Sent: Friday, 9/12/03
To: Friends and Family
Subject: Albuquerque to Valle Tio Vences Campground
September 10 - Albuquerque to The Narrows (no biking)
Jim's brother, Mark, arrived in Albuquerque this morning. After a frenzy of loading the motor home with clean clothes, groceries and Mark's gear, we set out to rejoin our route. We had hoped to ride from Grants to The Narrows. When we arrived in Grants, we received an unfriendly welcome with rain, lightening and high winds. We stopped at a Ranger Station to get an update on road conditions along our route and were disappointed to hear we could encounter more wheel-sucking mud on many of the dirt roads between here and the Mexican border. After getting the motor home stuck in the mud yesterday and having it towed out by a bulldozer, none of this was good news.
The campsite at The Narrows was nestled between rock cliffs and ancient lava flows. In between these two harsh surfaces, colorful wildflowers flourished. A brief patch of blue sky gave us the false hope that we would be able to ride after we pitched our tents. As soon as the tents were up, another storm sent us running for cover.
Stud pile or stud? No, these aren't the famous stud piles of Wyoming (stacks of manure as high as 5 feet left by wild horses marking their territory); it's a cairn of lava to mark the trail to the lava craters at Lava Falls. And the guy -- that's Mark, Jim's brother.
While I never expected or desired to ride every mile of the Great Divide Trail on my bike, I did have two informal mileage goals. First, I figured I would do about 90% of the trail, which would be 2223 miles. Second, I wanted a preliminary celebration in honor of Lance Armstrong's fifth Tour de France victory by riding the same number of miles he did in the Tour plus one for a victory lap. This year's Tour was 2,126 miles. Between Cuba and Grants, we skipped 148 miles due to rain and mud. The realization that even if I ride every mile for the remainder of the trip, I'll still be about 160 miles short of 90% and about 60 miles short of my tribute to Lance has depressed me on this dreary day.
September 11 - The Narrows to Pie Town (46 miles, 2250 feet)
For the first time in several days, we awoke to see blue skies above us. We were eager to start riding. Mark, Jim and I took a short detour to see Lava Falls south of The Narrows. On foot we explored acres of interesting lava flows.
Today's terrain was covered with ponderosa pines, scrub oak and very few homes. We were on high-quality dirt roads most of the way. Marvelous fields of lavender asters and unidentified yellow flowers lined the roads. It was an easy ride, one that Mark may have found to be boring on his first day.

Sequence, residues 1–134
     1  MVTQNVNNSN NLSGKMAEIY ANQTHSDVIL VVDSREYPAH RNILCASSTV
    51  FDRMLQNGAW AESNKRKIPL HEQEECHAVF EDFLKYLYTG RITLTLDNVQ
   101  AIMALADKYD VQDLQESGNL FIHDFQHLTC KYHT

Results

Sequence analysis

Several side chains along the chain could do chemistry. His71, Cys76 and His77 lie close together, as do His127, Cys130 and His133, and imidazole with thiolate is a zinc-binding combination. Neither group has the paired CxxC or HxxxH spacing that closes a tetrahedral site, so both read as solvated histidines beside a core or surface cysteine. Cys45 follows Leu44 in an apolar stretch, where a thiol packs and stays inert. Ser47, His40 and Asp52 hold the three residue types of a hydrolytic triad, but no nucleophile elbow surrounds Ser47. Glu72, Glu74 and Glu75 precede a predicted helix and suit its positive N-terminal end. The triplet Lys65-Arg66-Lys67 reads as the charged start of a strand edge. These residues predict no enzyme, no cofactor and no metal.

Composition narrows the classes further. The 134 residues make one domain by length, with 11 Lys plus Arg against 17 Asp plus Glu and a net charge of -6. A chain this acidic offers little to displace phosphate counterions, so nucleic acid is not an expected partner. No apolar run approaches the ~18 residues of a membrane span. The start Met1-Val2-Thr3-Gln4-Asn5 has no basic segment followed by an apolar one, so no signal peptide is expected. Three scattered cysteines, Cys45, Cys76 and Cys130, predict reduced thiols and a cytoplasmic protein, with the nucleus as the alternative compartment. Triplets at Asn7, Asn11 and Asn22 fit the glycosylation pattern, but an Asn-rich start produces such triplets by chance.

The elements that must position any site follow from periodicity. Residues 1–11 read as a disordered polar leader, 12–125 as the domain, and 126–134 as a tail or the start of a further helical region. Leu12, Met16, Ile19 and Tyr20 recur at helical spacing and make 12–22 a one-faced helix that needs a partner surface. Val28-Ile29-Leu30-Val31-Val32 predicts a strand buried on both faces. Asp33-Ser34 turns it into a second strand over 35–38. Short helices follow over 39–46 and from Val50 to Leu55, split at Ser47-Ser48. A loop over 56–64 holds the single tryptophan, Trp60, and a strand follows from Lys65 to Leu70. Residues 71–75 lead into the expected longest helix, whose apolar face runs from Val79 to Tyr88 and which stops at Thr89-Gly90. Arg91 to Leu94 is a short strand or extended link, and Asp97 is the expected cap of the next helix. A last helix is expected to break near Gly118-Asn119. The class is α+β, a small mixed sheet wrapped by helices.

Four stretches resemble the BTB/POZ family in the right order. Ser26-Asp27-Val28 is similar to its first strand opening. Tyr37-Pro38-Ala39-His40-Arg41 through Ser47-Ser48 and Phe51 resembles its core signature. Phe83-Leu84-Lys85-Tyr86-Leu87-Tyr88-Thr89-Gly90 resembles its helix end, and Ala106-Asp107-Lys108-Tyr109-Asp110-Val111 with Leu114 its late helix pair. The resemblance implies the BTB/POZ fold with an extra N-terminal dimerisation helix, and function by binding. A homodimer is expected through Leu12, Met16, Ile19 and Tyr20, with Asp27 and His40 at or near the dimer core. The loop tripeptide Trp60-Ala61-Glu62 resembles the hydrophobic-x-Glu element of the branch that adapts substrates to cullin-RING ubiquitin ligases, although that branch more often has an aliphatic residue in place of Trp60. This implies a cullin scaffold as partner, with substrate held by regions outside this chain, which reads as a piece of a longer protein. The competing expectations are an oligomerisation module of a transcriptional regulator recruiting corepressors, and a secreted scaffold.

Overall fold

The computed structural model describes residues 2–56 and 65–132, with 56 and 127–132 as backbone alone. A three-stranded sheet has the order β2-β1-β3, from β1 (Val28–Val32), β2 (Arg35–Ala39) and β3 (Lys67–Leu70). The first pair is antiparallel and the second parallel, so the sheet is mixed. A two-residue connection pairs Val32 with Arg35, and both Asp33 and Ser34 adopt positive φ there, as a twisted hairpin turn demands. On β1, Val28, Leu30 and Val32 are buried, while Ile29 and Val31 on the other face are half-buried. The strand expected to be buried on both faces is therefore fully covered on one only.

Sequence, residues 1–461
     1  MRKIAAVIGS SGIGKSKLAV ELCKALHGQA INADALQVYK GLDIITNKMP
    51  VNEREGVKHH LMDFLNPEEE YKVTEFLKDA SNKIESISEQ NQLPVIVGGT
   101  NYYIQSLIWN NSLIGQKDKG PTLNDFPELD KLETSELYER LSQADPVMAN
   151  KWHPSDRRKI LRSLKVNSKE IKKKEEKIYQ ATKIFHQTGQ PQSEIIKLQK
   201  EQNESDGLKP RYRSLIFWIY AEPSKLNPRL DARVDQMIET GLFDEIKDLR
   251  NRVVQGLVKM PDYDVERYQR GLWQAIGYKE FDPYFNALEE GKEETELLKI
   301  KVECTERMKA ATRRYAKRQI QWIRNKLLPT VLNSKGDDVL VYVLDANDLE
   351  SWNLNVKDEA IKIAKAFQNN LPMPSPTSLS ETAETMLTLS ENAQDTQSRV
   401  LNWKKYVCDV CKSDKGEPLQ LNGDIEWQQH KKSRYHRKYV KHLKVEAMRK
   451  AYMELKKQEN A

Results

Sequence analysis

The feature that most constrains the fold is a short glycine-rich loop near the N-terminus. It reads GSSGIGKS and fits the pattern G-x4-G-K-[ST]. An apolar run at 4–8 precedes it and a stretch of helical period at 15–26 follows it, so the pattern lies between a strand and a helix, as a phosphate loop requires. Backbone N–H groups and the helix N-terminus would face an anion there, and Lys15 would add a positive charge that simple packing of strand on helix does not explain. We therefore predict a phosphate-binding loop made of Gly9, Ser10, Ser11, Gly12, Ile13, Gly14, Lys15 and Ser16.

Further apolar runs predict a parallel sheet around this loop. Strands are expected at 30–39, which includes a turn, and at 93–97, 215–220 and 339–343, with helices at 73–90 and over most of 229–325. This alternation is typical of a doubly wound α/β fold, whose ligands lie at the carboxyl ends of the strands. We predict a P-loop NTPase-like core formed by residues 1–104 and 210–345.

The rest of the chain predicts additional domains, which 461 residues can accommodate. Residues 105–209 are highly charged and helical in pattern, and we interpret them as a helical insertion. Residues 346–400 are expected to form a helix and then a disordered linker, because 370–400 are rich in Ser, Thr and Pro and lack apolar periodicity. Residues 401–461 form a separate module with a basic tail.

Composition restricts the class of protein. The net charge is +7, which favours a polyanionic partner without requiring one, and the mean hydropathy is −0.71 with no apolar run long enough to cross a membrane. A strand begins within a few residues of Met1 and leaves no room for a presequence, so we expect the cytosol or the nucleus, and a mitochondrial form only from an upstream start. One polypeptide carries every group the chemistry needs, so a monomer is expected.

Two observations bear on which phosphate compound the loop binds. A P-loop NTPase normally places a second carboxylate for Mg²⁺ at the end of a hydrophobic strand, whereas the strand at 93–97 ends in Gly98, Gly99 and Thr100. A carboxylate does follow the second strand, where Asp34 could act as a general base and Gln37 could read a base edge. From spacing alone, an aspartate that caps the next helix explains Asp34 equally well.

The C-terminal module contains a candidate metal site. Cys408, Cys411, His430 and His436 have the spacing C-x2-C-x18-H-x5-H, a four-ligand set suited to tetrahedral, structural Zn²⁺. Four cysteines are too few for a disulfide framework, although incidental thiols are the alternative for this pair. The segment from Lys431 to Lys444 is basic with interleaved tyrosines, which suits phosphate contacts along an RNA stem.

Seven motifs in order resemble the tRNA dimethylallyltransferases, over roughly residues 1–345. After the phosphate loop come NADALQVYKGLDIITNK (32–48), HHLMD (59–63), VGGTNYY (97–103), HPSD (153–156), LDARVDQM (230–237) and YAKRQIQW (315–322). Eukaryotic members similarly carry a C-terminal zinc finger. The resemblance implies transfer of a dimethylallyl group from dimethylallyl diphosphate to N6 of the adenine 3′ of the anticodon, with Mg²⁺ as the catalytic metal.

Pie Town is a wide spot in the road (population 60), but according to its most famous resident (at least among hikers and bikers), it's "the center of the universe." Nita, a happy, generous woman, lives at one of the few spots where the Continental Divide Trail (for hikers) and the Great Divide Trail (for bikers) converge. For years she has been welcoming tired travelers; some of them have stayed for days. She invited us to camp in her yard and offered to let us take showers and do our laundry. Janeen and Evan took her up on the shower and laundry offer.
With the Pie Town Pie Festival just a day away, the women in town were busy making pies. Nita and another woman made 60 pies, and baked many of them in her wood-burning stove. About 150 pies will be sold to raise money for the town.
After our ride, we stopped at the Daily Pie Cafe. The food was great, and the pie was outstanding. For the first time since January 3, I had a dessert with sugar and wheat. In my weak mind, I rationalized that if I had cherry pie (cherries are good for arthritis) along with the sugar and wheat (bad for my arthritis), it shouldn't hurt too much. We'll see.
September 12 - Pie Town to Valle Tio Vences Campground (32 miles, 2180 feet)
I spent a little time this morning -- not nearly enough -- talking to Nita. She has a fascinating knowledge of medicinal plants. She identified one of the yellow flowers I saw yesterday as snakeweed, which is good for arthritis. I took a bag of them with me. Even though I would have rather spent the day with Nita, I rode out on my bike with Jim and left Nita to attend to last minute Pie Festival details.
Even though today's mileage was short, it was a hard ride for me. My knees hurt, especially on the uphill sections, where I would get shooting pains in my knees. My hands are also feeling the wear and tear of the ride. Maybe that cherry pie yesterday wasn't such a good idea after all.
My mom and dad seem to be adjusting quite well to life in the motor home. Dad is doing a fine job driving the motor home. Mom is enjoying herself and told me, "Every day is a new adventure!" Since we will be several days between hookups to fill up the water tank and dump the wastewater, they are doing their part to conserve water by showering every other day. This is a lot harder on mom than dad, but she's being a good sport.
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